Nick Carter Excerpts — Operation Starvation

Nick Carter #17, Operation Starvation,
Award Books A197, 1966
Nick’s great muscular body crossed the room in a catlike leap that brought him down softly next to the table on which his Luger rested. He heard Arthur chuckling again.
He felt the.stunning force of something on the back of his head. For a frac­tion of a second he hovered on the edge of consciousness, fighting for the use of his facilities, then the outraged cells of his brain gave up the unequal battle and every­thing fell into darkness.

Hours later, days perhaps, he felt himself coming to, aware of light and sounds. He would much rather have stayed under but he felt repeated pains in his cheek. His eyes opened and met the slim, almond eyes of Arthur at close range, his pudgy face folded into its ever-present grin. He understood, then, that Arthur was slapping him. Nick reacted at once and discovered that his hands were well tied.
Nick smiled gently at Arthur.
“Arthur,” he said in his most friendly tone. “If you don’t stop that now, I’ll tear your head off and bounce it back to you like a basketball, do you understand?”
The next slap was considerably harder. In the back­ground someone was chuckling. Nick recognized the deep baritone of Johnny Wu.
“He seems to be coming around. You’d better have a care, Arthur. He is a resourceful and dangerous man.”
Arthur hit Nick again, backhand with his knuckles. Nick was puzzled. Although he was in no great hurry for things to get started, he didn’t see why Wu didn’t start shaking up the castor oil and heating the branding irons. He must have known Nick wasn’t going to answer his questions.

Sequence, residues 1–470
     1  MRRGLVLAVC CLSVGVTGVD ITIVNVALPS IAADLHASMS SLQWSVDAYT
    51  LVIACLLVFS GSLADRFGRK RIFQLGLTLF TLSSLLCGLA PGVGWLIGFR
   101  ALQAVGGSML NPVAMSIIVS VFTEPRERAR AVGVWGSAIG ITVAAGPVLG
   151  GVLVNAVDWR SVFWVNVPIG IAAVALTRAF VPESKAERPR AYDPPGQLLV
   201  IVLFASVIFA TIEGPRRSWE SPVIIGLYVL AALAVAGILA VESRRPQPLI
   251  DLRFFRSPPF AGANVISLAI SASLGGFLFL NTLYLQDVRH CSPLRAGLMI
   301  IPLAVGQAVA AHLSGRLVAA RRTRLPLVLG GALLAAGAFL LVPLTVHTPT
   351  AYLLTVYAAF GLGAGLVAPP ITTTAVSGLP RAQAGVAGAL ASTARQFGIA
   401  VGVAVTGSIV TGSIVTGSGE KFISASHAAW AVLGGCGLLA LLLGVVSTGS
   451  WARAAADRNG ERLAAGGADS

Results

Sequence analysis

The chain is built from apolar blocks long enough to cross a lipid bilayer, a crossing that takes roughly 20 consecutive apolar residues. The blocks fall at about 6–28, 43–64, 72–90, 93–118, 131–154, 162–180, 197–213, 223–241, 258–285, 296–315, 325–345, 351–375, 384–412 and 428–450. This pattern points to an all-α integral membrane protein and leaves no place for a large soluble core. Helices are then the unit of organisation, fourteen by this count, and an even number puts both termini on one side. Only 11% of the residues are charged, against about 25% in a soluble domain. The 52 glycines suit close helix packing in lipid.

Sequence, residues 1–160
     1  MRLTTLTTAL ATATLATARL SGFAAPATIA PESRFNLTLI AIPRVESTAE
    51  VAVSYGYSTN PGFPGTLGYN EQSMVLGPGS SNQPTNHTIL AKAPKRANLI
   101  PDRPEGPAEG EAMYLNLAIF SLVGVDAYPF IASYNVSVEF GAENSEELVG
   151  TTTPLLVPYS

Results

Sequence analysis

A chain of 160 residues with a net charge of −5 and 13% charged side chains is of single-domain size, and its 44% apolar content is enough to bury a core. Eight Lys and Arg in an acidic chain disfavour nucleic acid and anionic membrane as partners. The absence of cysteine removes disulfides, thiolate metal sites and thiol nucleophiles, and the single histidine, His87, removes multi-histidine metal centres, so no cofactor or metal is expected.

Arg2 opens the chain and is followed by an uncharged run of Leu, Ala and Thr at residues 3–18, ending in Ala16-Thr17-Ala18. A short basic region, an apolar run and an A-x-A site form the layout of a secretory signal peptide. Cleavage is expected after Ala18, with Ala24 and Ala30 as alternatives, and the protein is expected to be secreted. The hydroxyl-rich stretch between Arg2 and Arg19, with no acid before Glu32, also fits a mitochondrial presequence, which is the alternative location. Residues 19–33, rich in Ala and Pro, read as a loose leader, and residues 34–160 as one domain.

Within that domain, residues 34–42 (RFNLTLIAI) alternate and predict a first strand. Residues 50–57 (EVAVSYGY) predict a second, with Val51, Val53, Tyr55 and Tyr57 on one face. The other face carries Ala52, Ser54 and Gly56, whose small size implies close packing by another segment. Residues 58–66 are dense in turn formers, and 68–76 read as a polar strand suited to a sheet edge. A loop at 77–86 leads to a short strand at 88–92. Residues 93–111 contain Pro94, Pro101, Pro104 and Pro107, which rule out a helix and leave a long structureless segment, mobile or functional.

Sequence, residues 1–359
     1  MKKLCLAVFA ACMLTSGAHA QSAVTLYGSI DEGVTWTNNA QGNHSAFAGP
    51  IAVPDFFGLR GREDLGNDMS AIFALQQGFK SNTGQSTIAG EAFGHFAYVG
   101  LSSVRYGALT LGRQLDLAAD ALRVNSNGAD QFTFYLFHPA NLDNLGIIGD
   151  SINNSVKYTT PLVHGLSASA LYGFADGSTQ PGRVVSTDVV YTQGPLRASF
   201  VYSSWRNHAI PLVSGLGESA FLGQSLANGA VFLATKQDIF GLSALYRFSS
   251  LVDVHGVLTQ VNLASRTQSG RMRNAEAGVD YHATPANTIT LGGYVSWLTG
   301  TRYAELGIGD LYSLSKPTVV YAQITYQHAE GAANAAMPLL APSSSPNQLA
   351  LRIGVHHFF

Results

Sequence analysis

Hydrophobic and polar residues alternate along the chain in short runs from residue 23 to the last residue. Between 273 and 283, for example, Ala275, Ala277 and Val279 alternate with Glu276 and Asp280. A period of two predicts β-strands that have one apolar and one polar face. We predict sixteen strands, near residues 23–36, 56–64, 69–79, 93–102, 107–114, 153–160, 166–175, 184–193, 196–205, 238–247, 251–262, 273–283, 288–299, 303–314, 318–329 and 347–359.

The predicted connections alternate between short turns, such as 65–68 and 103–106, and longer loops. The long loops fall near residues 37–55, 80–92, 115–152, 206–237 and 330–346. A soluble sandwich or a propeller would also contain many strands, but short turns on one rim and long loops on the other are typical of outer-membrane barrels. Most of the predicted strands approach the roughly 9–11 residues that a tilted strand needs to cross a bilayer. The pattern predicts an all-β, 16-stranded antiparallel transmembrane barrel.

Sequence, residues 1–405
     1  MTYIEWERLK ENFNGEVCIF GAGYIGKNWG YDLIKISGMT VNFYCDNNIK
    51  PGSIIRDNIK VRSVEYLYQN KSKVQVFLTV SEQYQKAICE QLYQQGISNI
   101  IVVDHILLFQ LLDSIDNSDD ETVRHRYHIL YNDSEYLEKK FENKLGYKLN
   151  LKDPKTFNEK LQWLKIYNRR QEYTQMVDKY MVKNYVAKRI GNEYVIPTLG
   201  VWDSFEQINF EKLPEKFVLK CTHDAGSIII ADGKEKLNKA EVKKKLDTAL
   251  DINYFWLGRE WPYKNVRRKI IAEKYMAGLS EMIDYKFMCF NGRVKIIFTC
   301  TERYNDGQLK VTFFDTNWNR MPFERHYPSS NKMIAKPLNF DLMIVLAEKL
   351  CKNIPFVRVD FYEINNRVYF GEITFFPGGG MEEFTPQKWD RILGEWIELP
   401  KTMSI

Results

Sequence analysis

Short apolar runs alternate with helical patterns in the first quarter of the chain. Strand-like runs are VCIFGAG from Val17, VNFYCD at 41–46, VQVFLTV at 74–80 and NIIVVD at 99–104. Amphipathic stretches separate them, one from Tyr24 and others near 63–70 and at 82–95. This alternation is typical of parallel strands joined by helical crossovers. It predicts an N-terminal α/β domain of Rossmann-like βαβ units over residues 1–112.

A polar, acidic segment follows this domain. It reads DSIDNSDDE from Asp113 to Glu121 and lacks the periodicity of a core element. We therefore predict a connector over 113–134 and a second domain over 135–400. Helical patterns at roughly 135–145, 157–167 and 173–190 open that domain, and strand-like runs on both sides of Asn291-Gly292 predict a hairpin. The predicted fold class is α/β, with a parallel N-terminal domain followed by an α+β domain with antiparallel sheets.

Wu lit a long slim cigar and regarded Nick thought­fully.
“It is to be regretted,” he said slowly, “that I was forced by circumstances to leave the interrogation to my idiotic compatriot. He has his virtues, but lightness of touch and good judgment are, regrettably, not among them.”
Nick heard Arthur giggling at this reference to him­self.
“Well, Carter?”
“I can’t help you, Wu,” Nick said groggily.
“You are a fool.” Johnny Wu’s voice was contemptuous. “Your option is to remain here with Arthur who is under orders to extract the information from you. I hadn’t thought between professionals such a statement of the obvious would be necessary.”
“Buzz off, Wu,” Nick heard himself saying in a sur­prisingly controlled tone of voice. “I have things to think about.”
He heard Wu say, “Very well. Carry on, Arthur.”
Arthur’s giggle in­terrupted Wu’s monologue as the rotund Chinese started toward Nick.
“I will plant the bamboo shoots under his nails and answers will sprout,” was Arthur’s cheerful suggestion.
In the middle of the room stood a fully equipped, electronically motorized operating table. “Every kid ought to have one of these, hey Arthur?” Nick drawled. Arthur giggled again and continued shuffling bottles around.
There was one factor on Nick’s side. Time. Wu had told Arthur that he could go with the truck when he had gotten what they needed out of Nick. Presumably the truck couldn’t wait around forever if the Chinese ex­pected the cops. Still, if Arthur was in a hurry, God knows what he might think up.
Now the little fat Chinese was coming around from be­hind his table with his hands behind his back. Nick braced himself. He had already tried the knots half a dozen times. Whoever had tied them knew his business.
Arthur brought the chloroformed rag up quickly. Nick had time to take one quick, breath, heavy with the odor of the rag before the compress was pressed hard against his face. Nick pushed with his head against the rag but Arthur was amazingly strong for such a little butterball. A minute became a half minute and Nick feigned unconsciousness. He had gone without breathing for four minutes before—when his lungs had been full of fresh air to start with.